All that brings me to what I'm working on these days.  For the most part, I haven't really touched the project that I was showing off in my previous journal entries. Even as a systems guy at heart, there are places that I just don't want to have to go like rendering engines, physics, audio systems, animation, etc.  For where I was in that project and the things I wanted to do those were starting to be real hurdles (especially my rendering engine).  However about the time that I was really starting to feel that way some of the preliminary discussions were taking place for PF, mostly along the lines of could we shepherd along a UE3 build or did we need to jump to UE4. It became pretty clear that we did need to and that PF would be in UE4. Now, I learn best by doing and trying out things so I went ahead and downloaded UE4 at home so that I could have a test bed at home to mess around and learn about UE4 before needing that info at work. Plus it would allow me to focus much more on gameplay systems then the minutiae of supporting systems (no offense animation or graphics programmers that are out there).  After a minor stumbling block with the basic download, I pulled the engine source from github and got a buildable project going.  Based on my local source control, my first UE4 change was July '17 and I've been making incremental updates since then. It's still hard with a full time job, other obligations and trying to no burn myself out on programming (I hear that's a think that can happen ;)) so it's doesn't actually look like a project with a year and a half of changes.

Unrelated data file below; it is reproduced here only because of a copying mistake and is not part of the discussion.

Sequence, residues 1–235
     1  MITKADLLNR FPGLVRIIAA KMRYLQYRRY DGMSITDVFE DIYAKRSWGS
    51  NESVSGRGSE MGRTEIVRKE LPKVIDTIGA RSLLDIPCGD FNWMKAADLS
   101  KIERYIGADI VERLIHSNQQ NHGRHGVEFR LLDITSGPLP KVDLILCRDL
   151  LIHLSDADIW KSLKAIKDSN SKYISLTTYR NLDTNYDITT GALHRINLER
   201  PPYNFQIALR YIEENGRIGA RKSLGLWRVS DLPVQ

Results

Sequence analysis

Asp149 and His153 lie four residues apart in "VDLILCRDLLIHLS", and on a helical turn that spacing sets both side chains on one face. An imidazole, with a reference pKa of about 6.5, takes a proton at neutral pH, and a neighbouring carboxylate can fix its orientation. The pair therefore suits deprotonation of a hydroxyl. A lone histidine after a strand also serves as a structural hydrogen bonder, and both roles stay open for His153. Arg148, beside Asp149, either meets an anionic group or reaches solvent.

With that I present SRPG (Strategy Role Playing Game):


You may say that looks an awfully like the game that I had been building my home-rolled engine and you'd be right. It's still the game that I basically want to be making just in a different engine. I even ported quite a bit of my code (primary dealing with the hexes) over into my UE4 project. The main difference is that instead of being a test bed of a pure component architecture that mine was, it's organized in a way much more similar to what I deal with at work (not exactly of course, but similar) so that systems and patterns that I try out at home are more easily applicable to work. It doesn't hurt that it makes it easier to apply the things I learn at work to my game either. The biggest difference between old project and SRPG is that you'll notice that SRPG actually has something that looks like a UI instead of a bunch of random display strings. Chalk that one up to for UE4 blueprints.  All the icons I got from game-icons.net. It also does have a few additional gameplay features like ammo, cooldowns and obstacles that weren't in the OldVersion. I even started a separate todo file for my UE4 project(s). I think I'm getting pretty close in my tactical element that it may be time to start working on a meta element for in between tactical battles. Tactical still needs objectives, mission scripting, map scripting and (probably) a fog of war. And the map needs to be way bigger. And AI. And... And... And... so not done-done but enough that I could add another axis of gameplay.